The problem I have with multiple scenes of this nature all piled on top of each other, though, is similar to the same kind of ‘weight of lethargy’ induced in me by multiple action scenes in various superhero movies these days... there’s not enough time to appreciate the art and theatricality of such shenanigans before you’re onto the next thing. Cronenberg tends to slow things down so that when each set piece arrives it feels more like an event being built towards a thing and, though I certainly found The Mind’s Eye entertaining for everything it is, I did feel a little ‘clubbed to death’ by all the flesh ripping and villanous posturing after a while.

But, having said that, I thought the film was still pretty great and, you know, not everyone can be Cronenberg (not even Cronenberg sometimes). The actors were all existing in a state of ‘over the top’ readiness for the most part but the intensity of their performances added another layer of interest to a film which might have fallen flat if handled badly. As it is, the director and actors know exactly what they’re doing here and have made an interesting and engaging film.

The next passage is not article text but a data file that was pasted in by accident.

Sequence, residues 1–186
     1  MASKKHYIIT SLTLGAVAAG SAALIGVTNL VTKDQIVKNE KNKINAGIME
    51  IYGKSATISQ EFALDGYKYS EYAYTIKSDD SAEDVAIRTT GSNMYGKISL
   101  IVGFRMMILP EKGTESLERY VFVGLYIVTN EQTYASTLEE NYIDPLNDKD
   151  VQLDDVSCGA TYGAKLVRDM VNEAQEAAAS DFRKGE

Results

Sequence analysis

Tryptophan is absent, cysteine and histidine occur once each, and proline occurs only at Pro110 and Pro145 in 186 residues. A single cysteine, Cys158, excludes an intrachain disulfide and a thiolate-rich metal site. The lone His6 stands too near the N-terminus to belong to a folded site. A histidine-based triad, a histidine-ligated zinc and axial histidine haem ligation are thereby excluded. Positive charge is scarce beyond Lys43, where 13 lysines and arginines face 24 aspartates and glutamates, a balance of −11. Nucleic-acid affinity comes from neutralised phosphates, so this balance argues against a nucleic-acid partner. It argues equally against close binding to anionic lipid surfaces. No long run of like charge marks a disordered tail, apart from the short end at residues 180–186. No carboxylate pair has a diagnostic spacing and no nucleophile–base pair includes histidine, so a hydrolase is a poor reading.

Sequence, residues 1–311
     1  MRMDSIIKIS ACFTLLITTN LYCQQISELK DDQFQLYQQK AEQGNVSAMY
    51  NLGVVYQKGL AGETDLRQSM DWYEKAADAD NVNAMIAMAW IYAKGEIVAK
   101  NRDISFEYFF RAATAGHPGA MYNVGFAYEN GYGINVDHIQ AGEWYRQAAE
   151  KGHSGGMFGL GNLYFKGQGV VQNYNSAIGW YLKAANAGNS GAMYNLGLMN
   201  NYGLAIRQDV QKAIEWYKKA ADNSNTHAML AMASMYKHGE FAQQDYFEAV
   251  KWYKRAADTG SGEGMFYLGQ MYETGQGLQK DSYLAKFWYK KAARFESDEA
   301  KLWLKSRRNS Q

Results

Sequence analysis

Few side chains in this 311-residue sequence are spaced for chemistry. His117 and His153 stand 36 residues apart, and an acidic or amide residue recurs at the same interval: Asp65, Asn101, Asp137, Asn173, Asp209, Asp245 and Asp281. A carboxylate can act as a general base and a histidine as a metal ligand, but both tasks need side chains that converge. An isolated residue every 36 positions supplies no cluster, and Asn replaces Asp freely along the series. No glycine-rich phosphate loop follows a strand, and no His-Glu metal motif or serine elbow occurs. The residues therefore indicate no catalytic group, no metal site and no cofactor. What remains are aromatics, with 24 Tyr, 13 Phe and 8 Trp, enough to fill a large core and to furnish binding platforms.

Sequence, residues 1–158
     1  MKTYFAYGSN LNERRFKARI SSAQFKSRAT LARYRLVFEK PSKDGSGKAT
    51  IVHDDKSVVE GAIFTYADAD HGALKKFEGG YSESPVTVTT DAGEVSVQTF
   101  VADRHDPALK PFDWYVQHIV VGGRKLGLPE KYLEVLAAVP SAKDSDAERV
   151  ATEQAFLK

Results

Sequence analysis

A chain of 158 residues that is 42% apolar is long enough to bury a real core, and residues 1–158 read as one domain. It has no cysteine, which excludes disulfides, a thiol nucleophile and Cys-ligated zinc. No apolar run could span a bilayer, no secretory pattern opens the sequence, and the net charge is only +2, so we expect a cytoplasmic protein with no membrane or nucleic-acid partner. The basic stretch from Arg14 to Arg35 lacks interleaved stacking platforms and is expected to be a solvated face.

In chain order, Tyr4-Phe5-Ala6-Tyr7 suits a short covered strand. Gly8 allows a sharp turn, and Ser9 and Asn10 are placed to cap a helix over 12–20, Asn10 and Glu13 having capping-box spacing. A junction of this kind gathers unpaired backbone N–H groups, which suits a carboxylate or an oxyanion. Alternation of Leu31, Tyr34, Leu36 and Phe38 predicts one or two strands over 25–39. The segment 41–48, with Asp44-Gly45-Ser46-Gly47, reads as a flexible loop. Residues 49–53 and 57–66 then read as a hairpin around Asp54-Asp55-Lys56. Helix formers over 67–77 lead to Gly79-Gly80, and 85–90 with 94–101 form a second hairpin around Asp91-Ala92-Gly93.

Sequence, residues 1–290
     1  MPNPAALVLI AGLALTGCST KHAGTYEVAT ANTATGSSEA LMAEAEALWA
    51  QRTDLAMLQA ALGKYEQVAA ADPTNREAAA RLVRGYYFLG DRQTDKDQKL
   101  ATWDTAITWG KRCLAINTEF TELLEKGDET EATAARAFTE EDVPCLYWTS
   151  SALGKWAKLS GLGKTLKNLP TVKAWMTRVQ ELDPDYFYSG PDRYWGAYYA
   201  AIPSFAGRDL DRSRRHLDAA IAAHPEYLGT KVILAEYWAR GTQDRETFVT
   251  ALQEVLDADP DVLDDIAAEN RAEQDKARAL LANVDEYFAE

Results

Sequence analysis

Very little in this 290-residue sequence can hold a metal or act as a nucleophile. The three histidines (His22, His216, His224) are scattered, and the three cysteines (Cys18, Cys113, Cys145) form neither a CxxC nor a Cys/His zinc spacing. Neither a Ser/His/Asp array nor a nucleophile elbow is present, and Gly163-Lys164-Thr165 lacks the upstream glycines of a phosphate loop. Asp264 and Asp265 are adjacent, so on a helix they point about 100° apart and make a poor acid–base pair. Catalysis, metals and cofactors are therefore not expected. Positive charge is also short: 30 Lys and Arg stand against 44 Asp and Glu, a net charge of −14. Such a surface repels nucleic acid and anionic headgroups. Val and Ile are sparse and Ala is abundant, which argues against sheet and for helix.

One other slight problem I had with it is that there’s not enough of Rachel’scharacter in it. She’s supposed to be the most powerful of the bunch of natural psychokinetics in the movie but, apart from bursting open a guys head with her mental powers after levitating him up a wall, we don’t see her do that much and I was hoping she would have some kind of involvement in the final showdown scene at the end of the movie.

Gluing it all together is Steve Moore’s amazing synthesiser based score. It starts off with more of a nod to Shore’s electronic Scanners score in tone but, by the end of the movie when things are really moving on... it goes into the same kind of territory as a really good John Carpenter score and it doesn’t let up. Much to my surprise and delight, I discovered that there was actually a CD pressing of the score so I’ve currently got a copy on order from someone in Germany so I can give it a good listen away from the film. Really looking forward to this one arriving actually.*

And there you have it. The Mind’s Eye is a Cronenbergian escape and chase romp with plenty of twisted flesh and mind searing action, if that’s your kind of thing. It definitely belongs to that subsection of sci-fi horror that Cronenberg kick started with his earlier classic but, where Cronenberg was probably a little bit like a slightly more visceral Canadian version of Philip K Dick, in terms of where his storytelling lands, The Mind’s Eye is more like an action movie equivalent of similar themes. And there’s certainly room for both approaches as far as I’m concerned. A fun one to check out, for sure. 

*It did arrive and I have to say, it's an absolutely amazing
stand alone listen. The CD has had quite a few spins here already.

No comments:

Post a Comment